Author Graham Greene wrote two types of books. His novels (The Power and the Glory, The Quiet American), onto which he staked his literary reputation, and his “entertainments” (Our Man in Havana, The Third Man) which he put forth as light-hearted page-turners, merely meant to be enjoyable. I often think about Greene’s divide when approaching new theater. Great plays try for literary merit; but amusing entertainments have their rewards, too.
Martin McDonagh’s A BEHANDING IN SPOKANE is an entertainment, barely reaching for serious emotional investment or post-show contemplation, but judged as that it is mostly very successful: humorous start to finish, wildly absurd, with well-shaped — if shallow — characters. Theatre Exile’s production, now on stage at the Christ Church Neighborhood House, is satisfyingly fun.
The entire 90-minute show takes place in a hotel room (design: Meghan Jones) somewhere in the American West (not Spokane). A weathered traveler (Pearce Bunting) is on a quest to find his severed hand, stolen from him some quarter-century ago. (There’s an attempt at profundity in one man’s search for a missing piece of himself.) Two small-time pot dealers (Reuben Mitchell and Amanda Schoonover) see an opportunity to scam by selling him an appendage stolen from a local museum. As the play begins, the couple are already in way over their heads. The one-handed Mr. Carmichael means business, and has a gun to prove it. At his mercy, their relationship strains.
MARILYN: We deal weed, we don’t deal hands.
TOBY: You didn’t need to tell that to the crazy cracker in the middle of a hand deal.
Into the violent fray steps Mervyn (Matt Pfeiffer), a hotel receptionist desperate for excitement (“I always hoped there’d be a massacre at my high school”). Hearing a distinctive noise from the room, he eagerly investigates.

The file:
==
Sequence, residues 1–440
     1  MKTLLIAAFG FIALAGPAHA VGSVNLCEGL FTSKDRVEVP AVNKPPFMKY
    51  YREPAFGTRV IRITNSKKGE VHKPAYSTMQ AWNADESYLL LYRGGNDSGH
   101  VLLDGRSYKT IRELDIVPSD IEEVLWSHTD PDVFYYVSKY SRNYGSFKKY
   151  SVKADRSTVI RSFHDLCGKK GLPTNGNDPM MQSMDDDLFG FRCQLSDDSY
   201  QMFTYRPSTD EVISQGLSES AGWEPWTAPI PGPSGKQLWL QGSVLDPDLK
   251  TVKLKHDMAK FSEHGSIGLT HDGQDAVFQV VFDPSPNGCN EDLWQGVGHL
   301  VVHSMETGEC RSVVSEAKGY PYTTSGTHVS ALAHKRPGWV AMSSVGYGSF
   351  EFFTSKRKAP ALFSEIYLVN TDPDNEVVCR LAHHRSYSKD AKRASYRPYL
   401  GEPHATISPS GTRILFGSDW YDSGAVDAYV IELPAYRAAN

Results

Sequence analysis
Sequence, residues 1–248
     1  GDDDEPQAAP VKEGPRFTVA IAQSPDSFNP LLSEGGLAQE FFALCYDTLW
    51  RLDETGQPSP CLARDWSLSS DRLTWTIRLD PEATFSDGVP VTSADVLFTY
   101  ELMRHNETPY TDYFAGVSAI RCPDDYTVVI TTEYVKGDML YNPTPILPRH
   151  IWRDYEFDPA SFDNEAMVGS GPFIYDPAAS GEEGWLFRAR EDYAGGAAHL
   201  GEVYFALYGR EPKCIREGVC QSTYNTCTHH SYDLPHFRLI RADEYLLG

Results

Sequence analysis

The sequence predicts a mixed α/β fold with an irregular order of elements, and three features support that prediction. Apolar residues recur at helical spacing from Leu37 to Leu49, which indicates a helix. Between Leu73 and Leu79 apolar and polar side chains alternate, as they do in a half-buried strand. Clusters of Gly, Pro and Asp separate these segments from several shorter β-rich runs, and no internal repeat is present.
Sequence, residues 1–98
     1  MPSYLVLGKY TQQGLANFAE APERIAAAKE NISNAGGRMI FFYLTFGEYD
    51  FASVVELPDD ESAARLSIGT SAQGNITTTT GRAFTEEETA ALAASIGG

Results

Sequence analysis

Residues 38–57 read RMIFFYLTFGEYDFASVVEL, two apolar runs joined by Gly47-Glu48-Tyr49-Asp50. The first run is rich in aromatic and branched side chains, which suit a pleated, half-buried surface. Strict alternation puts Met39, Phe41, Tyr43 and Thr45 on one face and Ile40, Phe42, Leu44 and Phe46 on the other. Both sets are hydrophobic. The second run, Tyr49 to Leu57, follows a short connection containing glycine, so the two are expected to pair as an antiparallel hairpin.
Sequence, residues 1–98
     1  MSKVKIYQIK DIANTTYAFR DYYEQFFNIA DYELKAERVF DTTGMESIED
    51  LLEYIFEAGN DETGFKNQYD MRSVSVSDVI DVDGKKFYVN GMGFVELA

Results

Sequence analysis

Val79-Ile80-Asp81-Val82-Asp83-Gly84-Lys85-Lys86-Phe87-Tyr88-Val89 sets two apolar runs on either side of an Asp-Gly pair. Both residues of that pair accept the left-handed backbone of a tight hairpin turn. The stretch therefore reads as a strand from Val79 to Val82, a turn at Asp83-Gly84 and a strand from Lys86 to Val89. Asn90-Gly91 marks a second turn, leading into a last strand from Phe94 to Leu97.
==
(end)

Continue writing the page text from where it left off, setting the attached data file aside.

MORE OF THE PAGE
MERVYN: Was that a gunshot?
MERVYN: That gun being shot.
CARMICHAEL: Oh that. No, that was a car backfiring.
MERVYN: In your room?
McDonagh’s dialog is fast and witty, and director Joe Canuso keeps a lightning pace, with only the occasional lull. He is aided by fine acting, with Bunting intensely and comically severe and Mitchell providing many of the laughs. More often found helming productions than starring in them, Pfeiffer is perhaps the finest director in the city, and his directorial instincts bring nuance to a straight-man role.
McDonagh made his name with violent portrayals of small-town Ireland. In action and fun level, SPOKANE matches THE LIEUTENANT OF INISHMORE from Exile’s 2010/11 season. But small-town America was long-ago exposed as violently unromantic, and comments on the flimsy ethics of low-level drug dealers carries less weight than commentary on the confused immorality of Irish terrorists. It’s nice to see that McDonagh’s work is transportable and doesn’t rely on exaggerated Irish brogue, but I’m left wondering what has been transported.
Well, entertainment, that’s all. And for 90 minutes, that’s enough. April 19-May 3, 2012, theatreexile.org.